A few months ago, a 10-year challenge rippled across social media platforms. From celebrities to your high school friends, it seemed like nearly everyone was sharing a picture of their transformation that has taken place in the past decade. Whether or not you chose to participate in the challenge, if you take a look at a picture of yourself from ten years ago, you may notice some changes. When it comes to skin, change is inevitable. While we may not realize these changes day by day, over time we may recognize some differences that can feel as though they appeared overnight. Aging is inevitable and is an amazing process that takes place over time. In order to care for your skin, it’s important to recognize the ways in which it changes throughout your lifespan.
The teenage years are accompanied by many changes, especially regarding puberty and hormones. This spike in hormone levels can lead to changes in the skin, commonly leading to acne and oiliness. Researchers at Stanford Children’s Health attribute the rise in acne during puberty to the enlargement of sebaceous (oil) glands around the hair follicles of the skin. When this happens, the surrounding ducts can become clogged and lead to whiteheads or blackheads, which I am sure many of us are all too familiar with.
When seeking treatment, assuming that the skin will clear itself may only be true for a small group of people. For teenagers experiencing their first bout of acne, it is a great time to speak to a dermatologist about what type of acne you have and what works best to clean your skin. A common starting part is beginning with a gentle cleanser that will not irritate the skin or make the acne worst and following up with a hydrating moisturizer.
The twenties are a great time for you to hone in on your skincare and truly figure out what works best for your skin. This is the time in which you can take preventative steps, if you choose, to maintain healthy skin throughout the rest of adulthood. Generally, skin in your twenties is its healthiest and your hormones fluctuate less than they did in your teenage years. The skin in your twenties is benefitting from healthy collagen and elastin production, as well as skin renewal that makes your complexion bright and plump.
Just as in the teenage years, it is important to maintain or establish a routine that involves cleansing, moisturizing, and exfoliating when needed. This is also the time at which extra steps are added to prevent or reduce the visible signs of sun damage. According to dermatologist at Modern Dermatology, incorporating hyaluronic acid and antioxidants into your skincare routing can help bring moisture and even out discoloration in your skin.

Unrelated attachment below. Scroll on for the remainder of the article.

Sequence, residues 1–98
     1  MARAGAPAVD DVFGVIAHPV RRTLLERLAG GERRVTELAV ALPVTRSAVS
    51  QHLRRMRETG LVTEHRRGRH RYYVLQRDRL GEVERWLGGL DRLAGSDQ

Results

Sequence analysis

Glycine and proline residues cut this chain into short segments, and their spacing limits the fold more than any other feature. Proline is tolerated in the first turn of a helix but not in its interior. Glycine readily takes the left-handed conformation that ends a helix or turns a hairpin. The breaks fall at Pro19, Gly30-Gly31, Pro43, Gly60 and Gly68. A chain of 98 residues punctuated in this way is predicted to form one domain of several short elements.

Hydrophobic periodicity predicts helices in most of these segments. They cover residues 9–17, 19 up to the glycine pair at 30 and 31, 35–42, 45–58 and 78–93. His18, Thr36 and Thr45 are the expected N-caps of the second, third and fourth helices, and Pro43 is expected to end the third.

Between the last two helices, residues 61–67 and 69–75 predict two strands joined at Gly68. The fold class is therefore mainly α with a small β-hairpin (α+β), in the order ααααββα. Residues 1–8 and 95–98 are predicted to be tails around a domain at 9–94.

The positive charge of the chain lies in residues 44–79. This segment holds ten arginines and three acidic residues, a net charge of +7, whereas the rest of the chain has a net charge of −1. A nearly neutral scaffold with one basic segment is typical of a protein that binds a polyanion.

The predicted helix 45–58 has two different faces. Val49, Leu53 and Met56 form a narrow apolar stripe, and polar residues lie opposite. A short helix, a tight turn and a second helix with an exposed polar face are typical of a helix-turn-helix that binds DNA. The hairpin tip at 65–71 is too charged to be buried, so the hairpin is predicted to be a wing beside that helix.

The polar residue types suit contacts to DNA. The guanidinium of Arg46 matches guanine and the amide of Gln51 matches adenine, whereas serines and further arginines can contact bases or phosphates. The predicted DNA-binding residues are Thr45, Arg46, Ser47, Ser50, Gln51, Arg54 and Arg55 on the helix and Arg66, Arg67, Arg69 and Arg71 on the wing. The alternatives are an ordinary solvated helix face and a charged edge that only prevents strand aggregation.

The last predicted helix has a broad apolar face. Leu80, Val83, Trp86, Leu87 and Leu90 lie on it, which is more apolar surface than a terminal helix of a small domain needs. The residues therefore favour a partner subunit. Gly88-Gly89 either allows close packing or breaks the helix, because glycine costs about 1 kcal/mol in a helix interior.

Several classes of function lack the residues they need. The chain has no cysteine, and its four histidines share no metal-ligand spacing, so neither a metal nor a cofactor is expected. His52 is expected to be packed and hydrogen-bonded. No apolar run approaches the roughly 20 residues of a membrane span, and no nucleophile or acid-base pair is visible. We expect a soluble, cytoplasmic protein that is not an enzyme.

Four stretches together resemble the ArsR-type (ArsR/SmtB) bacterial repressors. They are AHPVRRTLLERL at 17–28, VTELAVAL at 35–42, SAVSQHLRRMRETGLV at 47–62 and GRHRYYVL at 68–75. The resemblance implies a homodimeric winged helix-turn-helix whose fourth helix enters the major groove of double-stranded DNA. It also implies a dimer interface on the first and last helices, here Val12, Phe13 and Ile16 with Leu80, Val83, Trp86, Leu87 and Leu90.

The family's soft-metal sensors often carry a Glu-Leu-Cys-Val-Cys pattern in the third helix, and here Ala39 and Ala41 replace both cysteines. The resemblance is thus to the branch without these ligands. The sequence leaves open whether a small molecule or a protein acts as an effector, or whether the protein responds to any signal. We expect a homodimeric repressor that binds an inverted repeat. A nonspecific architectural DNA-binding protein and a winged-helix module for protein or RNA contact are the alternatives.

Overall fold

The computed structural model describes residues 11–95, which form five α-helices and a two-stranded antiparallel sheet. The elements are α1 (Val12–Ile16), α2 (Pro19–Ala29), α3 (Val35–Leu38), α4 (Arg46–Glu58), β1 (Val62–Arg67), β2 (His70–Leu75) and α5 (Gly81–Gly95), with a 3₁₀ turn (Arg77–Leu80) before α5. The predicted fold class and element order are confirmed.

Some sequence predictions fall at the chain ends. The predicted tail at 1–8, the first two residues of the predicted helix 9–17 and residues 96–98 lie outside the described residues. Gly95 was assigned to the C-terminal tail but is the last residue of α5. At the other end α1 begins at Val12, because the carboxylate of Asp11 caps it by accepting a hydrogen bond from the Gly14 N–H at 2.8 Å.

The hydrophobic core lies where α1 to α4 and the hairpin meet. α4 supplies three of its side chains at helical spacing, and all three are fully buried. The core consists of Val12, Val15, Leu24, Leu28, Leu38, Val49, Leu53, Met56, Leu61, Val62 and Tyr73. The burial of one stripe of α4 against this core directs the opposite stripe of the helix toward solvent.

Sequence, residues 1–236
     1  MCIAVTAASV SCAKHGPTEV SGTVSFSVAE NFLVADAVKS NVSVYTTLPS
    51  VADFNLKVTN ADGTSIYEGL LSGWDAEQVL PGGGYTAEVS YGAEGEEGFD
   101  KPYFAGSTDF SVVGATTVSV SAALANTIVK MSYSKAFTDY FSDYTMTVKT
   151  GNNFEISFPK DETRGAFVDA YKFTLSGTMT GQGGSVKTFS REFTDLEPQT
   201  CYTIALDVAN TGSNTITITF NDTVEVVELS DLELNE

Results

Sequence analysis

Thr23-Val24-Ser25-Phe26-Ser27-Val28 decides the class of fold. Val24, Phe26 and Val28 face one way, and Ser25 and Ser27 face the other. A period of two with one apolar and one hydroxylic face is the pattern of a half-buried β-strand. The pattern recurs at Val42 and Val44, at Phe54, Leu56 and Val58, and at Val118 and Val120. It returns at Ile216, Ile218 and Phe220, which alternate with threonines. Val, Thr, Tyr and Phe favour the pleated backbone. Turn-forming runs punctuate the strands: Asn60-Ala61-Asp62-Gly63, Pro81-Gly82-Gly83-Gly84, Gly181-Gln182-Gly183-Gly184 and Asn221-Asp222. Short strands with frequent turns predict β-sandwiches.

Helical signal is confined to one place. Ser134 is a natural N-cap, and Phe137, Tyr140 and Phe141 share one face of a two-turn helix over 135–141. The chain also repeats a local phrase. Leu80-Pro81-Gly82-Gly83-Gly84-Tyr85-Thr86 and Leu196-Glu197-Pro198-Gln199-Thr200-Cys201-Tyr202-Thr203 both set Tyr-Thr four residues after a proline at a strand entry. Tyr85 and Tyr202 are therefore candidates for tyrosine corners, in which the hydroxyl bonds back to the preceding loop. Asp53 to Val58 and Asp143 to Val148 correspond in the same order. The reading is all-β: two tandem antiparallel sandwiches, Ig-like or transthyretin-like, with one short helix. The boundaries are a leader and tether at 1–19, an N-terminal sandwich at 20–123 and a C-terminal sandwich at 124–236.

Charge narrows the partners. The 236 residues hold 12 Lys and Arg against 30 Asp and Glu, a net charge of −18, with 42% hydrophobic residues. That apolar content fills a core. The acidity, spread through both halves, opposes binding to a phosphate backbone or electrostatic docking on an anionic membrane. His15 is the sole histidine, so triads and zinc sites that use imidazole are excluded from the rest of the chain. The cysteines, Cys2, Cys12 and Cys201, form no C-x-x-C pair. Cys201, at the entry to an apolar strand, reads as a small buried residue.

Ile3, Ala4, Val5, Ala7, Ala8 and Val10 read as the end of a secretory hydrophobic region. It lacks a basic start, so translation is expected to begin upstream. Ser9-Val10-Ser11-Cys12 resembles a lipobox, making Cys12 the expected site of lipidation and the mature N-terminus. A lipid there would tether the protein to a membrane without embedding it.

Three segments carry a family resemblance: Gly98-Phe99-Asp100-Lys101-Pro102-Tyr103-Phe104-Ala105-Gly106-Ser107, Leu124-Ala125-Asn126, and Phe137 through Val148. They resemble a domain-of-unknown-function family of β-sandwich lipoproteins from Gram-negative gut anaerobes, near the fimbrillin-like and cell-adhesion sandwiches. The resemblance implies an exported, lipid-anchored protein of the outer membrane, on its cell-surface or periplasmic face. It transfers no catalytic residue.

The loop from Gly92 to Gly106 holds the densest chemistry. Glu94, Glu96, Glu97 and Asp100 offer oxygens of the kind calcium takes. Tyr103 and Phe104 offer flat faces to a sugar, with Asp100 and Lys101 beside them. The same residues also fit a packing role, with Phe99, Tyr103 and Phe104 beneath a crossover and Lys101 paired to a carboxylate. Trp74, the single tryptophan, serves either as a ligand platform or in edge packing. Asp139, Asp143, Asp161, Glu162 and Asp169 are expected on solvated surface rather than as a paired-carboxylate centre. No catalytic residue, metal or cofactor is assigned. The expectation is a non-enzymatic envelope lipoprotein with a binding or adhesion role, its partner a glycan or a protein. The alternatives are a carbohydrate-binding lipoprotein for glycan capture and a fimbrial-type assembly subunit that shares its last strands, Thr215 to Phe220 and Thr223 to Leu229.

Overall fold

While you may have gotten away with spending long hours in the sun and sacrificing sleep in your twenties, your skin in your thirties may be more revealing of unhealthy habits. The rate at which your skin cell turnover occurs in your thirties has slowed down and the skin may not appear as vibrant as it once did. As your skin elasticity changes, there are a few ingredients to look out for in your skincare products that can reduce signs of aging.
Retinoids are a topical vitamin A based compound that are most often used in anti-aging products. According to a publication by Harvard Medical School, retinoids can reduce the signs of aging, such as fine lines and wrinkles, by increasing the amount of collagen produced and stimulating the production of blood vessels. Just as wrinkles do not occur over night, nor do they go away. Be patient with your skin because it may take three to six months to notice the improvements associated with retinoids, such as a smoother complexion and faded age spots,.
The forties are indicative of perimenopause in many women– the point before menopause in which ovarian hormone levels are fluctuating leading to additional changes in the skin. At this point, most women experience a decline in estrogen levels. The American Academy of Dermatology (AAD) notes that this change in hormone levels may lead many people to notice volume changes in their skin during their forties due to an additional loss of collagen and elastin. This often leads to skin that may appear lower on the face than it was in your twenties or thirties. Skin laxity is inevitable, but if you choose to decrease the degree of laxity, factors listed by the AAD including sun damage, pollution exposure, diet, weight fluctuations and lifestyle factors such as smoking may all contribute to the way in which your skin ages.
Just when you think you’ve figured out your skin, it may come as a surprise when you realize your skin has changed once again. During menopause, which often occurs between ages 45 and 55, the skin continues to change with falling levels of estrogen. One of the results of this hormone fall is an increased susceptibility to bruising because the skin becomes thinner. The AAD suggests using a sunscreen with SPF 30 (or higher) to prevent the skin from thinning any further. Although you can’t reverse the effects of thinning, you can take preventative measures.
Dry skin is also common during menopause because the skin does not retain water as well as it used to. In order to keep your skin hydrated, avoid soaps that can over-dry the skin and opt for mild cleansers and moisturizers that contain hyaluronic acid or glycerin. It is also possible that some women may experience pimples or other types of acne in their fifties due to the changing hormone levels. While it may be tempting to reach for the same treatment you may have used in your twenties, it is possible that the skin has become more sensitive due to the thinning and drying that often accompanies aging.
Each age may accompany different changes for different individuals, so it is always important to schedule an appointment with a board certified dermatologist to find what works best with your skin.